One to One Aides in the Classroom
An Informative Guide for Parents
Many of the parents we represent view a one to one instructional aide as an essential component of their child’s appropriate educational program. An aide can often make the difference between a year of positive academic growth or the alternative. Ironically as more parents are seeking aides for their children, many districts are scaling back their programs and laying-off personnel. If you are considering requesting an aide for your child or are currently using an aide in the classroom, here are a few guidelines to keep in mind.
What is an Aide?
The definition and role of a one to one aide is best summarized as:
A specially trained paraprofessional which assists in “meeting the pupil’s needs, that result from the pupil’s disability, to enable the pupil to be involved in and progress in the general curriculum.”
To understand the role of a one to one aide, you must first determine what is the goal of having an aide. Ideally, the aide should fit into the needs of your child’s IEP and fulfill specific criteria that cannot be met in a traditional classroom setting. In addition, the aide should assist in your child’s development and transition plan.
Benefits to an Aide
Your child’s one to one aide’s primary duty is to assist in your child’s development by providing:
- Instructional support with academic programs
- Language support if your child requires assistance with ASL or is multi-lingual
- Behavioral support, both in terms of assisting your child in adjusting to classroom settings and requirements as well as providing important details that you and the IEP may not be aware of
- Physical support for children with disabilities
- Medical support if the aide has medical training to handle seizures
While there are many specific advantages to having a one to one aide assist your child and ensuring the IEP is properly implemented, it is important to remember they are only one element of your child’s development and education. One to one aides should not replace the duty of your child’s teacher or take on tasks that your child is capable of completing on their own. The aide should be there to provide assistance.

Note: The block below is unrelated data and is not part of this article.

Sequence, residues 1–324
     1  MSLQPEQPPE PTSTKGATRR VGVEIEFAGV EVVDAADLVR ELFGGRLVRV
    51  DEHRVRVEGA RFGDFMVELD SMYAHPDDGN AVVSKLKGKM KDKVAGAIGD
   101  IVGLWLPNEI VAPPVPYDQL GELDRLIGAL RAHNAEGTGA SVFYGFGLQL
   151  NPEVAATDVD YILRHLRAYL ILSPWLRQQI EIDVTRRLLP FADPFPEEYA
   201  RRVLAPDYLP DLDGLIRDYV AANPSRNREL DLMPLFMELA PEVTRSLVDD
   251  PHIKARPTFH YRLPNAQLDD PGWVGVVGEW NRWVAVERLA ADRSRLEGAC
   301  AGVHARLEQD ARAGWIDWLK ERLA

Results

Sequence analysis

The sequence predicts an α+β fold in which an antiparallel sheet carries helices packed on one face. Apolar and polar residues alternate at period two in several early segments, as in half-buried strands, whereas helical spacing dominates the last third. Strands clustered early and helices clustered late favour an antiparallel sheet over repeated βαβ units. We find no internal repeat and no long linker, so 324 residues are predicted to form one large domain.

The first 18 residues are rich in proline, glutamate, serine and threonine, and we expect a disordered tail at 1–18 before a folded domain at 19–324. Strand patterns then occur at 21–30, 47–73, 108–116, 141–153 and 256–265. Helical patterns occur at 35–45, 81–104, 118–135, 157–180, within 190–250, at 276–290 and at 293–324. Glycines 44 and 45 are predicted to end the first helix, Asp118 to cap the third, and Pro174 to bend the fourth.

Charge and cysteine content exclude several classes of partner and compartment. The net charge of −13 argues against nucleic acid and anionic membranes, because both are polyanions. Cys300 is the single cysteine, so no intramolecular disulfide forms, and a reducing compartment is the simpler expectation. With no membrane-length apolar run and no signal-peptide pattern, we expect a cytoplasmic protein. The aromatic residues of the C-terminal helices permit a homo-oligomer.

Securing a Quality Instructional Aide for Your Child – IEP Strategies
Every IEP begins with a discussion of the child’s present levels of educational performance. The team members present their findings and observations of the child’s strengths and challenges. Parents should remember that each member of the team, including the parents themselves, are equal participants in the process. If you have specific concerns regarding your child that have not been raised by the other team members, be sure to raise them during the present levels discussion and make sure that they are noted in the IEP.
Define Why Your Child Needs an Aide
Before you raise the topic with your IEP team, you first need to define the need for a one to one aide. Outline what the benefits are to having a one to one aide assist your child, what areas in your child’s development that they can assist with, what qualifications they will need to have, and what role they will serve as part of the IEP. You may find that an aide is not the best route, and there may be another modification to the IEP that can fulfill the same goals as a one to one aide. Speaking to doctors and child psychologists can also help you get a clearer picture of how an aide can benefit your child’s life.
A frequently used rule of thumb on securing services in the IEP context is “the goals drive the services.” Simply stated, parents who believe that their child requires the assistance of a paraprofessional must be vigilant during the goal writing process to make sure that the child’s challenges are adequately addressed with appropriate goals for overcoming those challenges. For instance, let’s assume that the child has difficulty with transitions and self-care issues. It is absolutely vital that these important issues are covered in the goals for the year. The goals advanced by the team will ultimately set the stage for the discussion of the services necessary to help the child meet the goals.
Schedule an IEP Meeting
Once you have determined why your child needs a one to one aide, schedule a meeting with your IEP and inform them of your request beforehand. This allows them time to evaluate what options are available, pull a list of potential candidates, and determine if another alternative might meet your goals.